No big?league names, but a set of singers and musicians whose names will be well?known on the folk scene: Tim Laycock, Paul Wilson, Chris Foster, Martin Graebe, Marilyn Tucker and others.

The first revelation is a set of new traditional songs (many of them variants on familiar themes) with an approach to arrangement more akin to The Mellstock Band and the way you imagine those old Hardy church choirs would have sounded. The result is very different from the way we have treated traditional songs in the revival, but sounds totally authentic. The most important thing this project from the Wren Trust does is remind us that these songs were performed, more often than not, on social occasions, in a formal setting. It was only the collector with his notebook or recording equipment that got the performance one?to-one.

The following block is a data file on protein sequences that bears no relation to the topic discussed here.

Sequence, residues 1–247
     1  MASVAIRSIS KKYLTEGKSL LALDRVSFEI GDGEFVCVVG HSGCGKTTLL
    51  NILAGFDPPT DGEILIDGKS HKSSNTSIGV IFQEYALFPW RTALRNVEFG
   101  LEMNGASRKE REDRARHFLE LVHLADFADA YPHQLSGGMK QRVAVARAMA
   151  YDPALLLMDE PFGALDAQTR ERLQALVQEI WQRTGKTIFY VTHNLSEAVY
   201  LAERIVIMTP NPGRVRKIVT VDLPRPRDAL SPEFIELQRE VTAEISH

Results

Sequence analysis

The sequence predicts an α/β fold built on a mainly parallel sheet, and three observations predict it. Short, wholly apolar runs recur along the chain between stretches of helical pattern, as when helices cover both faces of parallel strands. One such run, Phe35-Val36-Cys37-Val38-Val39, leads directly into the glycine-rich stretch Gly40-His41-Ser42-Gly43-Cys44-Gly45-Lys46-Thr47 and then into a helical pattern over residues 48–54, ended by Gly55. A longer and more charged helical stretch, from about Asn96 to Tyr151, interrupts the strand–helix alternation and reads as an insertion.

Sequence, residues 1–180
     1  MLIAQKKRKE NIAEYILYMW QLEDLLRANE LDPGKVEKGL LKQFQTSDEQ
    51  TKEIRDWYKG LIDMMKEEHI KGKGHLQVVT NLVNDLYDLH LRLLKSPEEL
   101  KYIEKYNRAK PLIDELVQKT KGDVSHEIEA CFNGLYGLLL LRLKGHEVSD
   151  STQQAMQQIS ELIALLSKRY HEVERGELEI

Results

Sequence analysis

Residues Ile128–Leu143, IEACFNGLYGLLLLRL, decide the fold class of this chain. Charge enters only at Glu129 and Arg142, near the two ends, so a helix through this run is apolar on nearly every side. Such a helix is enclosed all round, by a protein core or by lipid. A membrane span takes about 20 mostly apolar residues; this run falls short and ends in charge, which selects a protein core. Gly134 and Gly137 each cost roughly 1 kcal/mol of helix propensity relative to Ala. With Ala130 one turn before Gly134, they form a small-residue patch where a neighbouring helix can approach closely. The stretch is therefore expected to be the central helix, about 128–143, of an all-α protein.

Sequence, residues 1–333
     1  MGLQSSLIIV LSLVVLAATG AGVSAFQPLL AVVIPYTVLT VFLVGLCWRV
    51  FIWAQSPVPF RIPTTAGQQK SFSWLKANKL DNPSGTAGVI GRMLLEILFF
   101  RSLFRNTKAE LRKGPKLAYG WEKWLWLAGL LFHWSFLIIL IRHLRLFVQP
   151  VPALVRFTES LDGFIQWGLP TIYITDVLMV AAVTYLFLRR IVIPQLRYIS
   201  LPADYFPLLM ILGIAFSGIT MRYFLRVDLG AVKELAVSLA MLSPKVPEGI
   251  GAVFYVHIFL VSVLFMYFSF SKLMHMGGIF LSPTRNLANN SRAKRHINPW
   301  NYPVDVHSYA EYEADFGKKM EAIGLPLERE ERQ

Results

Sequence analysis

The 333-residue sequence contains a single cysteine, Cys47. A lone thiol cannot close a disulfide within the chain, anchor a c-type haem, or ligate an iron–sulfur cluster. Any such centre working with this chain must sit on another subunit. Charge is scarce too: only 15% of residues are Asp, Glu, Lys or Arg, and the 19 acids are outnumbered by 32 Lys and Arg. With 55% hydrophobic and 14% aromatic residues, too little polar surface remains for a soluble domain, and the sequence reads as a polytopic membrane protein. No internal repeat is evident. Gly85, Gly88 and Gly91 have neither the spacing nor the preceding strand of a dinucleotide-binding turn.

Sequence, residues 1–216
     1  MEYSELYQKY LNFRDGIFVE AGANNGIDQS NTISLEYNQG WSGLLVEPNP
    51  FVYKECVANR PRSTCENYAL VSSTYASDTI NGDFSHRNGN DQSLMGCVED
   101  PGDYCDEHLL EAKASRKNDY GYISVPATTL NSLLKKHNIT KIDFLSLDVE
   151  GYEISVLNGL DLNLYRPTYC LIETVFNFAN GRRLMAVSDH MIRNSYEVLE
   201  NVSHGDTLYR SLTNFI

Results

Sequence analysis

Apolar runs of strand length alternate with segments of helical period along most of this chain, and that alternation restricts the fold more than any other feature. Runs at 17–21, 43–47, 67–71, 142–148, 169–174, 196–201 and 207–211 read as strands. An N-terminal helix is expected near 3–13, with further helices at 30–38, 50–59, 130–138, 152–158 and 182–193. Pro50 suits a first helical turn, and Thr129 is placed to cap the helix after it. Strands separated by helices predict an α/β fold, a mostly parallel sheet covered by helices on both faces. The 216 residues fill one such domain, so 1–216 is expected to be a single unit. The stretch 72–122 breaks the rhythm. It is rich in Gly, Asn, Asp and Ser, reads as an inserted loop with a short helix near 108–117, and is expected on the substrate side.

Poor old Baring?Gould got a reputation as a bit of a prude for his bowdlerisation of some of his songs, but some here, like The Mower and Drunken Maidens, show how he was right. These are the kind of saucy?erotic songs that are still sung on girls night out. The men, of course, prefer the direct pornographic. This album also includes Frog and Mouse, Herrings Head, Golden Vanity and Georgie in versions you wont have heard before. If you are buying one album blind this year, make it this one. You wont be disappointed.

 

Shire Folk

Chris Mills



These songs are all from those collected in Devon and Cornwall at the end of the last century by the Reverend Sabine Baring?Gould. There is a version of The Drunken Maidens which obviously travelled readily across from the Isle of Wight. There is some well arranged fiddle accompaniment to the songs from Chris Bartram, and some equally welcome contributions from Tim Laycock (concertina), and Marilyn Tucker (vocals), among many others. This CD will be of particular interest to singers and players in search of new material, and It enriches the archive for the tradition as a whole.

Living Tradition

Bob Blair

This CD is part of the Songs of the West Project coordinated by the Wren Trust about the folk song work of Sabine Baring-Gould.